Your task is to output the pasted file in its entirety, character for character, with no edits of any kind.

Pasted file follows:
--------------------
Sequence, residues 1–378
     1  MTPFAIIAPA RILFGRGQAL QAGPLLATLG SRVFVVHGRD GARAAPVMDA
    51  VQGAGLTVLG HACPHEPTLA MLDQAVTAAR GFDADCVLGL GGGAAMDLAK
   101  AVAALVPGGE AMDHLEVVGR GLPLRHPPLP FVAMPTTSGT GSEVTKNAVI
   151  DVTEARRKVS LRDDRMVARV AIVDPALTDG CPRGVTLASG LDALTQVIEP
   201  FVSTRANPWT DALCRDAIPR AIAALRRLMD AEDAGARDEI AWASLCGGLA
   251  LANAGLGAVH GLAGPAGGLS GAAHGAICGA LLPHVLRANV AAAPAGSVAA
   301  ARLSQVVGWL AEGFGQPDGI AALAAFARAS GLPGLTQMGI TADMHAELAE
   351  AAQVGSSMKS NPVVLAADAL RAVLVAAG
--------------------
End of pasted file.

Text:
Sequence, residues 1–378
     1  MTPFAIIAPA RILFGRGQAL QAGPLLATLG SRVFVVHGRD GARAAPVMDA
    51  VQGAGLTVLG HACPHEPTLA MLDQAVTAAR GFDADCVLGL GGGAAMDLAK
   101  AVAALVPGGE AMDHLEVVGR GLPLRHPPLP FVAMPTTSGT GSEVTKNAVI
   151  DVTEARRKVS LRDDRMVARV AIVDPALTDG CPRGVTLASG LDALTQVIEP
   201  FVSTRANPWT DALCRDAIPR AIAALRRLMD AEDAGARDEI AWASLCGGLA
   251  LANAGLGAVH GLAGPAGGLS GAAHGAICGA LLPHVLRANV AAAPAGSVAA
   301  ARLSQVVGWL AEGFGQPDGI AALAAFARAS GLPGLTQMGI TADMHAELAE
   351  AAQVGSSMKS NPVVLAADAL RAVLVAAG